Couples Still Tied The Knot In Las Vegas During The Pandemic
Las Vegas is the wedding capital of the world employing thousands and generating around $2 billion each year.
But how has the industry changed during the pandemic? And what happened to marriages here—were people getting hitched as much as before the pandemic?
Lynn Goya is the Clark County Clerk. Her office has been helping people to tie the knot for years.
“The chapels were hit very hard when we closed down for six weeks, and of course, were quite afraid of what was going to happen just like every other business,” Goya said.
During the initial shutdown last year, the Marriage License Bureau worked with wedding chapels to establish safety protocols so that when they were allowed to reopen they were ready to go, Goya said.
There are about 100 stand-alone wedding chapels in Southern Nevada, Goya said, and about 3,500 officiants with several hundred officiants who perform weddings as a full-time job.
Marie Romano is one of those officiants. She said in 2019 she performed almost 600 weddings, but when the pandemic hit, everything changed.
“I felt like there was a truck rolling over my chest," she said, "So, it definitely changed, but I have high hopes for this year."
Romano said she performed about 200 weddings during 2020 but she believes an uptick is coming.
“I think in 2022 we’re going to hit close to, I want to say, 100,000 weddings,” she said.
One of the biggest days, so far, this year was April 3 because the date is 4/3/2021.
Goya said the largest day ever for the Marriage License Bureau was July 7, 2007 - the date is 7/7/07. She there was more than 4,500 marriages performed that day in Las Vegas.
“I think what happens is couples want to emphasize how special that day is to them by picking a date that reflects that uniqueness,” she said.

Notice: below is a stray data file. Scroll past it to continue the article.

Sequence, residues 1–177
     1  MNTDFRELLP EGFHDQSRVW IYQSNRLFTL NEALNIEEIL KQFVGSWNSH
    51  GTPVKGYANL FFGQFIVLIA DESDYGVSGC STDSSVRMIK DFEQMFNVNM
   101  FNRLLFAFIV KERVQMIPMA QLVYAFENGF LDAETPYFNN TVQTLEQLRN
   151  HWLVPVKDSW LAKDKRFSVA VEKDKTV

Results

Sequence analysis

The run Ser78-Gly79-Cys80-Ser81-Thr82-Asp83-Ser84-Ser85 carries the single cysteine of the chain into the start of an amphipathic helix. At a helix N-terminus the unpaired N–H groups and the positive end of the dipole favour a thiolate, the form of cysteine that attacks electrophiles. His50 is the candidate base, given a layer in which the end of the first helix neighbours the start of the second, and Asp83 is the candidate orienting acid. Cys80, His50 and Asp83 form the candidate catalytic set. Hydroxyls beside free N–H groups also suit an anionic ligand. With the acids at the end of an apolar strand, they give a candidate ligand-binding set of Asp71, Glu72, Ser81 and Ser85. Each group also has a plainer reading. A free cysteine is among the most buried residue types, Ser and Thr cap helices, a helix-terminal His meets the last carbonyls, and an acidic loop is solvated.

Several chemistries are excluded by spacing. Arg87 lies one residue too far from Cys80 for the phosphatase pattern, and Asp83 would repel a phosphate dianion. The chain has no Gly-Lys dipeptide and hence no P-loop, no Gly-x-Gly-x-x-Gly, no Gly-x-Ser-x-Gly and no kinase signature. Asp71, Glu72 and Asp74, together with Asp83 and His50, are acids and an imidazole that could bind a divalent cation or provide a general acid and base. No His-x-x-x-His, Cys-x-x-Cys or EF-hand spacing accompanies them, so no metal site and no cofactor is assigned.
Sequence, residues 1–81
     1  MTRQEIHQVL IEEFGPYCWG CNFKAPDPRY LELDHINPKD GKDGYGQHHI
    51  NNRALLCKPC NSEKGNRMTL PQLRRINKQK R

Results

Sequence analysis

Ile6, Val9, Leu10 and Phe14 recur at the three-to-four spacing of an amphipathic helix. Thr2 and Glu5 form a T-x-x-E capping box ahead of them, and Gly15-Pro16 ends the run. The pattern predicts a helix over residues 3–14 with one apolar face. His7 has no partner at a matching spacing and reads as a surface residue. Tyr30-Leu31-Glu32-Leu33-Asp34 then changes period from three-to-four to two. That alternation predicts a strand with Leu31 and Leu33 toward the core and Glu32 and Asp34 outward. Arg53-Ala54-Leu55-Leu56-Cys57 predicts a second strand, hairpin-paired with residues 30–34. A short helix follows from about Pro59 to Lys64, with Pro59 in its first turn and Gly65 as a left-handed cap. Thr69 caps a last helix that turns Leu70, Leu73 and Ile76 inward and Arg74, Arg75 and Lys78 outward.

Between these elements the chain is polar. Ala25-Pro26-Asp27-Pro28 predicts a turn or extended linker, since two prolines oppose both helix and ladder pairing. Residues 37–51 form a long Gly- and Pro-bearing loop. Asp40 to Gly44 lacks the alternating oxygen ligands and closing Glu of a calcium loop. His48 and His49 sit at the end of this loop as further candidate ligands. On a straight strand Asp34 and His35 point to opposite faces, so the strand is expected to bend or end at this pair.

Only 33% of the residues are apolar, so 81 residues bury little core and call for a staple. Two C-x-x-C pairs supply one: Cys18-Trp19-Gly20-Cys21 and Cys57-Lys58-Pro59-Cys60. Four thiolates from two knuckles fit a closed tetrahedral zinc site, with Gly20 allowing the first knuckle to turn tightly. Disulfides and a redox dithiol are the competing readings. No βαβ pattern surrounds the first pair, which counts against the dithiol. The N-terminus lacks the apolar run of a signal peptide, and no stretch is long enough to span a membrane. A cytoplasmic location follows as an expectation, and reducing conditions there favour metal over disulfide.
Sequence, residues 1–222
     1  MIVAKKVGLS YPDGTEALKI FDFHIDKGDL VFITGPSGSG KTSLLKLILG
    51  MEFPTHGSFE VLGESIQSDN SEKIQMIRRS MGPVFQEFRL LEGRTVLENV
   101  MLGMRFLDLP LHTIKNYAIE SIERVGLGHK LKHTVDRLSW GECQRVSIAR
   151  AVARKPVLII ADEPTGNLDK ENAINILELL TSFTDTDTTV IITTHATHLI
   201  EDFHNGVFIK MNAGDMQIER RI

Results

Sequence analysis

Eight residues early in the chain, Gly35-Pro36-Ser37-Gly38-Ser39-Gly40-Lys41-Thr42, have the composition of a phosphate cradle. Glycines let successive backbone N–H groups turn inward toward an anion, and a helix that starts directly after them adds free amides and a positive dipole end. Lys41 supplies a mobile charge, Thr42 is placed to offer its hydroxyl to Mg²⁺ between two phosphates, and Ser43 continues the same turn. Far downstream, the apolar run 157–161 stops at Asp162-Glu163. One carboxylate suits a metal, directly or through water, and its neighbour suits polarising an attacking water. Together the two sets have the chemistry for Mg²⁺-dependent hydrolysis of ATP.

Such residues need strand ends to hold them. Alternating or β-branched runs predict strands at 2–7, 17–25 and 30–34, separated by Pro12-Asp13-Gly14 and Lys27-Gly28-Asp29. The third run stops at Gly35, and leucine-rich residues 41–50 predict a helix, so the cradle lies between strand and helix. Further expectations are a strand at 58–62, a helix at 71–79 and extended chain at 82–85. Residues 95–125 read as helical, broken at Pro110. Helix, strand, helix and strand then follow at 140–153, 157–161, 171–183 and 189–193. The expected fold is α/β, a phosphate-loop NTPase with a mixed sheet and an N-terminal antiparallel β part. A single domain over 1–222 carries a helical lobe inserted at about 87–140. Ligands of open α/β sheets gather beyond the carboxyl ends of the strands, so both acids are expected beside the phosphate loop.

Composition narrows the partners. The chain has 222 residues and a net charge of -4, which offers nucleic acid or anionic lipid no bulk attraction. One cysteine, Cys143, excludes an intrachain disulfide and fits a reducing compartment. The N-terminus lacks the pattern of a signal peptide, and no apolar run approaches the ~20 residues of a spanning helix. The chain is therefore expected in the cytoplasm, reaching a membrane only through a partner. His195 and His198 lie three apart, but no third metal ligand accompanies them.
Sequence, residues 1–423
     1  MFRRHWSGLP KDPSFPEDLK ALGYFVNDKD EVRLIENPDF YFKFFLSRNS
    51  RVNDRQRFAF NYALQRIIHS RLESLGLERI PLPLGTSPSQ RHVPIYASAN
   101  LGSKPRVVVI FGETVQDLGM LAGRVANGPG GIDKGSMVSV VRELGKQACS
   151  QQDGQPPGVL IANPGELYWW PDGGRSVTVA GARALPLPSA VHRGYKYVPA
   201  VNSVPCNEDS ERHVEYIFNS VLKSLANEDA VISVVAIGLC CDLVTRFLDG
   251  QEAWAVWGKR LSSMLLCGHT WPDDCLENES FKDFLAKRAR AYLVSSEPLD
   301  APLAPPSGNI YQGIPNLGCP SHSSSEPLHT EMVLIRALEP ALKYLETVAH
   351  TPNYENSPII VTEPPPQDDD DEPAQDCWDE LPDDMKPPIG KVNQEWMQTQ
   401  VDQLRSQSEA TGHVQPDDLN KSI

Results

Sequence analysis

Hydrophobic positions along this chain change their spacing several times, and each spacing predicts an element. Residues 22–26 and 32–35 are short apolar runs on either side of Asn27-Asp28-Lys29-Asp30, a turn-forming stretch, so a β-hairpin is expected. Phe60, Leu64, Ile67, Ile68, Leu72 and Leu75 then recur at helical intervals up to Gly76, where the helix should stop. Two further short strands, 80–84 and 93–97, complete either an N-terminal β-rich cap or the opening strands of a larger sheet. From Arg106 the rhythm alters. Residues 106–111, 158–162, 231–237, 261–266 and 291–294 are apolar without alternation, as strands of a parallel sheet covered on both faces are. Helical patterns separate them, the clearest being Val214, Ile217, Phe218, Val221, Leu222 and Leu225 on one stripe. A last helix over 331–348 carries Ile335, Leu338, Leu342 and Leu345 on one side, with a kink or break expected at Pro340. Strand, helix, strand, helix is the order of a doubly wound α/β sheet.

While people did get married during the pandemic, several things about the ceremony have changed. Romano said some venues require the officiant to wear masks and others don't.
But the biggest change is the number of guests in the chapel, she said.
“What we’ve seen more of are virtual guests being present even though they’re not physically here," Romano said, "I think it’s kind of fun to be able to bring the guests in even though they are not physically here but incorporate them in the wedding ceremony itself."
There are also changes to the celebrations that follow the ceremony. Romano said she knows several DJ operations that have closed because there is no dancing at the reception.
No dancing means no first dance between the couple and no dance with the bride and her father.
“Those are things that are very important, especially to a bride,” Romano said.
Romano said some of the couples she has married during the last several months have decided to get the paper now but schedule the reception for later when life is closer to normal.
Goya noted that the wedding industry in Southern Nevada is a lot more than just the wedding chapels.
“Some of the chapels actually had better years than they’ve had ever, but that doesn’t translate to all of the related businesses that rely on weddings,” she said.
DJs, florists, bakeries, and event planners are just a few of the other industries impacted by weddings. Goya also said 80 percent of the licenses the bureau issues are for people who are from out of state, which means the couple and their guests stay at hotels, eat at restaurants and rent cabanas at resort pools. All of that contributes to the city's economy.
Overall, the number of people in the United States who are getting married has remained the same, Goya said, but globally, the rate of marriages has declined.
The number of people choosing Las Vegas as a place to get married has declined over the past few decades, she said. Goya blames the decline on taking the industry for granted and a lack of good marketing for the city as a wedding destination.
“'The Hangover’ was a huge movie. It was a great success. It was very funny. It was not real but that became the Las Vegas wedding brand, and I don’t think that was a very marketable brand. So, we needed to counter that, and we’re doing that now,” she said.
Goya said Las Vegas became the wedding capital of the world because it offered quick, easy and fun weddings, and the city needs to remind people of that.
“I think that we stopped marketing," she said, "We took this legacy industry for granted for quite a while and we to make sure that people understand why Las Vegas is still the wedding capital of the world and what makes it the best place to come and get married.”
Lynn Goya, Clerk, Clark County; Maria Romano, Officiant, True Love Knots